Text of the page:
His convictions culminated last year in Atiyah taking part in a political demonstration for the first time in his life. He marched in Edinburgh with thousands of other protesters against the invasion of Iraq.

    The "war on terror", as presently run, is a self-perpetuating engine, he argues, turning out as many or more terrorists than it destroys or arrests. "I think Tony Blair really is in a terrible, terrible dilemma. So, of course, is George Bush, but George Bush you can make allowances for: he's just stupid. And Tony Blair is smart, and it's much more difficult to understand why he's driven himself into this position.

    "The real fundamental cause of these things arises out of the Israeli-Palestinian problem. Much more generally, it's the influence of the west on its former colonies. The impact of the west is very complicated, some plus, some minus, but what's being implemented now is the negative part, imposing western power for economic, political, strategic reasons, which I think more and more leads to hostility, and the Israeli-Palestinian thing is at the core of that. As long as that's not stopped in a satisfactory way, the problem will continue. It is the terrible irony of the world that the Jews suffered terribly during the war in the Holocaust, and now are in some senses the cause of the next Holocaust."




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    Guardian Unlimited © Guardian Newspapers Limited 2004
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04-22-2004, 12:52 PM

haneena
<ahaneena
تاريخ التسجيل: 05-27-2003
مجموع المشاركات: 2002

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Re: جائزة نوبل و علاقة بروفيسر مايكل عطية بالسودان (Re: أحمد أمين)

    سلام احمد...شكرآ علي نقل الموضوع
    هذا وصف لوالد عطية المتنكر لاصوله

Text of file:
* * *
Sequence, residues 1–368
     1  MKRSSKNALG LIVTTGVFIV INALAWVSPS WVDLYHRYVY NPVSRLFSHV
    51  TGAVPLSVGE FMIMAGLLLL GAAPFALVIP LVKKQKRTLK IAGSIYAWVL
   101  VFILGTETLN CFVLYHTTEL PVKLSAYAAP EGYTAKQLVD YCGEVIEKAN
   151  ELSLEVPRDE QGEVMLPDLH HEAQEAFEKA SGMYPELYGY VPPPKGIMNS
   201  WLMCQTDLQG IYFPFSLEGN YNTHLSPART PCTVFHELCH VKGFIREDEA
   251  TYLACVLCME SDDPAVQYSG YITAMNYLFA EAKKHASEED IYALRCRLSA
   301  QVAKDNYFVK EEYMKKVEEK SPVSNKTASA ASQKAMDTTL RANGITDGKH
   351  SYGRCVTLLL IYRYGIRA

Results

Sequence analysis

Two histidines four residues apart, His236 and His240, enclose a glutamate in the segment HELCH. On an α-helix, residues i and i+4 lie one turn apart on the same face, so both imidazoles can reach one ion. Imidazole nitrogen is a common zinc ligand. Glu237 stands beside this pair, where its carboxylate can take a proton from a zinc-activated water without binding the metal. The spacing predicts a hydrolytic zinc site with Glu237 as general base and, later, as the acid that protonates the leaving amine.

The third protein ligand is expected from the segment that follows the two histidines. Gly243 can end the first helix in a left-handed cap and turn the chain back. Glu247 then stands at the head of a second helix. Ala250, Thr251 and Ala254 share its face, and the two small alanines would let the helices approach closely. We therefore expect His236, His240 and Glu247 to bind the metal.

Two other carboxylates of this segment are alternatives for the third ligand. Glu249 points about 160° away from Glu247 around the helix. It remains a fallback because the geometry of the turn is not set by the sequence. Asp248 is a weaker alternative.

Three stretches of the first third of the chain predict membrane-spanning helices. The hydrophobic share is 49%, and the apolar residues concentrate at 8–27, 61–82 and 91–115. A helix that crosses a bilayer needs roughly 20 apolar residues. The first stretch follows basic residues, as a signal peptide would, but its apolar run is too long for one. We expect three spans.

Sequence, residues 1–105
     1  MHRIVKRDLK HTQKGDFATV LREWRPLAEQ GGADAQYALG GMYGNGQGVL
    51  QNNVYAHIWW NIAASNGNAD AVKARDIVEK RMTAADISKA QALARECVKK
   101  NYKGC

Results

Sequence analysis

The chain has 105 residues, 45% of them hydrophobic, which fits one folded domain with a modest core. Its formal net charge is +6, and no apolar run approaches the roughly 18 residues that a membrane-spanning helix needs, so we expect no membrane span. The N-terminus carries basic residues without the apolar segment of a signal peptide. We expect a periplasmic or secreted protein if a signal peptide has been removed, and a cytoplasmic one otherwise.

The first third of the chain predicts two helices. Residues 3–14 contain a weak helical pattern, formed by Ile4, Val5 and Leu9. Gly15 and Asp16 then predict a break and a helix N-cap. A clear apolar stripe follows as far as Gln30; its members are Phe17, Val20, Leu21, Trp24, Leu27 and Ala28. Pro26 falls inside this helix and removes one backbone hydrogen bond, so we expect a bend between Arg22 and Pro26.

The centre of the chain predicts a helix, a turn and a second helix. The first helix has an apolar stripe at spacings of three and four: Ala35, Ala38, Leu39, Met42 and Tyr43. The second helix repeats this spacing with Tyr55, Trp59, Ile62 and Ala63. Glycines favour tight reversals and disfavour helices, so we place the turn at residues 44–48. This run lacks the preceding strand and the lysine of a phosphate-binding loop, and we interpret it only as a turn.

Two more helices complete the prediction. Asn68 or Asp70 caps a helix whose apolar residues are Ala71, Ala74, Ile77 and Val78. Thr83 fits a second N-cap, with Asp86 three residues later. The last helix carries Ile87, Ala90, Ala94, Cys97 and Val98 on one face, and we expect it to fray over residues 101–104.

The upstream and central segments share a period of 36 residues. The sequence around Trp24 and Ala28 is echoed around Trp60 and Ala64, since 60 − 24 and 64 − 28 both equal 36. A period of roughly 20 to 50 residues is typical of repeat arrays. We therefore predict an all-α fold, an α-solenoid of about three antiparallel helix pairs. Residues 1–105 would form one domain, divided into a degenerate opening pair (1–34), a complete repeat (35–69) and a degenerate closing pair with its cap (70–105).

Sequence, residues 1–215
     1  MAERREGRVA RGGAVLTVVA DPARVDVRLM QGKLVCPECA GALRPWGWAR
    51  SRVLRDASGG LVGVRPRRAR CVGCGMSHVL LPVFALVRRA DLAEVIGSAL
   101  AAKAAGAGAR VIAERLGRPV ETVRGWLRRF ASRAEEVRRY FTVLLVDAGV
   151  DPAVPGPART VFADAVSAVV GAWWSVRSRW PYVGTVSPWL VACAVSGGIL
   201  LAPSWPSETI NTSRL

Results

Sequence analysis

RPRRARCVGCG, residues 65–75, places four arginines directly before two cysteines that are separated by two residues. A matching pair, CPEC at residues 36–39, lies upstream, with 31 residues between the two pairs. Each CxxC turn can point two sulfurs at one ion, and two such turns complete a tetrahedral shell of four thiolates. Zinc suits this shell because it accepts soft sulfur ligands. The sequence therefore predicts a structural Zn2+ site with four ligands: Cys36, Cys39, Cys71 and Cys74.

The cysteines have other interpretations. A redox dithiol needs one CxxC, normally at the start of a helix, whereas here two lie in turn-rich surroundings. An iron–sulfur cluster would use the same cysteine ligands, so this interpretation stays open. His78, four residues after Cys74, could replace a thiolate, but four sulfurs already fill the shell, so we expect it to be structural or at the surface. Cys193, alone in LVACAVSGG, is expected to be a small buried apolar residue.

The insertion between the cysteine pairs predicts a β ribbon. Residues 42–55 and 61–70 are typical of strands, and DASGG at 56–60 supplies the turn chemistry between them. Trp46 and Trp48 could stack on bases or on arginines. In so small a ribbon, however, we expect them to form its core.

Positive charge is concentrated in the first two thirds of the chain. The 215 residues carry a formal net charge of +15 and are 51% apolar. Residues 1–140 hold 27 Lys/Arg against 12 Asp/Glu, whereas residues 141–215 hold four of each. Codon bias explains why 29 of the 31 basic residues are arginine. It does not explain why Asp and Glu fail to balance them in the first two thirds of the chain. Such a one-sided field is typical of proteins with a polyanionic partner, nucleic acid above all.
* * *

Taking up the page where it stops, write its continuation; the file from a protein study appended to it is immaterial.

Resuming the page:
Quote: he was always trying to, "identify myself with the English ... I was wanting to pull myself away from the Arab background." Even though he spoke Arabic fluently, written Arabic was the only school subject he ever failed in.


    وهذه هي مواقف الابن البروفيسور مايكل عطية

    Quote: As president of the Royal Society in 1995, he made an unusually harsh attack on Britain's ownership of a nuclear arsenal. As a result, he was asked by Joseph Rotblat to become president of the Pugwash disarmament conferences. His views on Britain's nuclear weapons remain strong.


    it is definitely getting better generation after generation...!!

    أعجبني موقفه من حرب العراق
    Quote: His convictions culminated last year in Atiyah taking part in a political demonstration for the first time in his life. He marched in Edinburgh with thousands of other protesters against the invasion of Iraq.


    و موقفه من الحرب ضد الارهاب..كما يسمونها
    Quote: The "war on terror", as presently run, is a self-perpetuating engine, he argues, turning out as many or more terrorists than it destroys or arrests. "I think Tony Blair really is in a terrible, terrible dilemma. So, of course, is George Bush, but George Bush you can make allowances for: he's just stupid. And Tony Blair is smart, and it's much more difficult to understand why he's driven himself into this position.


    it is definitely getting better generation after generation...!!

    هل هناك ما يؤكد قطعيآ جاسوسية جده؟؟
    أرجو الافادة

    وشكرآ أحمد علي المقال القيم
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04-22-2004, 03:24 PM

Adil Osman
<aAdil Osman
تاريخ التسجيل: 07-27-2002
مجموع المشاركات: 10193

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Re: جائزة نوبل و علاقة بروفيسر مايكل عطية بالسودان (Re: haneena)

    Thank you Ahmed for publishing the article here. Edward Atiyah, the father of Michael was a civil servant with the British Adminstration in Sudan for 20 years. Part of his job was to monitor the Sudanese political opposition of the British colonial presence. In plain speak, he was an intelligence officer. His command of Arabic enabled him to do so

    The following matterial from the internet is self-explanatory
    _________________________________________________________


    The Atiyah Family
    Updated for 2002

    My family is a hybrid of Lebanese - Scottish extraction. My father Edward Atiyah was Lebanese. He came to England to study at Oxford University, and there met and married my mother Jean. Edward worked for 20 years in the Sudan government, among other things he started a primitive radio broadcast service there in the second world war. He settled in England in 1945 and wrote several books, including his autobiography An Arab Tells His Story, and The Thin Line, which was much later made into a film by the French director Claude Chabrol, called Juste Avant La Nuit. He also broadcast for the Arabic service of the BBC, and made some appearances on BBC TV in political comment programs (Panorama etc.).